Don’t stop in any one place for more than a couple of seconds.
Get as close to the edge of the room as possible without hitting the baseboards.
When you have done the first pass use the hand held orbital sander and the detail sander at the perimeter and corners. Use firm pressure but don’t press too hard or linger in one place for too long.
After you have completed the first pass, vacuum up the dust before doing the next pass. If you have any nail holes or gouges to fill now is the time to do it with your wood filler.
As a DIY method use some of the dust from your sanding and some white wood glue, mix the two together to form a paste and fill any holes in the floor with this.
The second pass of the sander should be done with a finer grit sandpaper than the first pass. Essentially every pass that you do is sanding out the abrasions from the previous pass. So you will be using a finer grit with each pass.
When you have finished all the sanding, vacuum the entire floor to remove excess dust. To fully clean the floor use a rag with some paint thinner on it and wipe down the surface of the floorboards to take all dirt and dust off.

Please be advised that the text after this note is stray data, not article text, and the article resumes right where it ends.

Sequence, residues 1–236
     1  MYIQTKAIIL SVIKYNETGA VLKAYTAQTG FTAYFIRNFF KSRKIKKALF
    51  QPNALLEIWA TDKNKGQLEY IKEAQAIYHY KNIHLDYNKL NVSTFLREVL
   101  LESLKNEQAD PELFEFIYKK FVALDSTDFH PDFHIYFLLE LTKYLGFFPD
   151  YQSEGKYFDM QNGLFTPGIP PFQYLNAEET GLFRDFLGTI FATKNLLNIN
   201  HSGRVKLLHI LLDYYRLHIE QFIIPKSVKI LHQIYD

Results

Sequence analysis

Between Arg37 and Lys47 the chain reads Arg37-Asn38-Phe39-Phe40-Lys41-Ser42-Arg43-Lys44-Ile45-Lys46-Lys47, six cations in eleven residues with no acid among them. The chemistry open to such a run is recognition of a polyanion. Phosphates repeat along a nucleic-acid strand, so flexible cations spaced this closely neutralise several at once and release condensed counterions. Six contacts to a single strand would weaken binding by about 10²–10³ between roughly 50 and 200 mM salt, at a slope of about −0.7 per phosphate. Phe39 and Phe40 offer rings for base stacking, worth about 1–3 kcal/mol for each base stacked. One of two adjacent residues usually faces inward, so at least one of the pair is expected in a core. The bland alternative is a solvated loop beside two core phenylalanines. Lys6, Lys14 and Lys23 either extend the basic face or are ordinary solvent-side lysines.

Finally once the paint thinner has dried go over the floor with a clean tack cloth. This will prepare it for the staining process.
When the floor is sanded, cleaned and completely dry it is ready to be stained. One of the quickest and most effective ways to stain a floor is by using a floor coating tool to spread the stain.
This is a T shaped spreader, almost like a squeegee but with a foam sleeve.
Always start from the furthest point of the room and work your way towards the door. Pour the stain onto the floor in a long line and work along this line spreading the stain evenly across the floorboards.
Occasionally dab the foam head of the spreader on the unstained floor to remove excess floor stain. This prevents you from having too much and causing puddles to form.
For the edges of the floor and around any features such as floor registers, use a paint brush to cut in the stain
When you get towards the end of the room control the amount of stain you are pouring out, so you don’t end up with an excess. Depending on the floor and condition of the wood you may want to add two to three coats of stain.
If you are doing multiple coats check the stain manufacturer’s instructions on drying times and sanding between coats.
Once the stain has dried you will want to seal the floor. Of course, it’s perfectly possible to seal an unstained floor if that’s the look you would prefer.
Some people like the rustic look of an unstained floor and for this you can simply seal the sanded down hardwood floor.
Water Or Oil Based?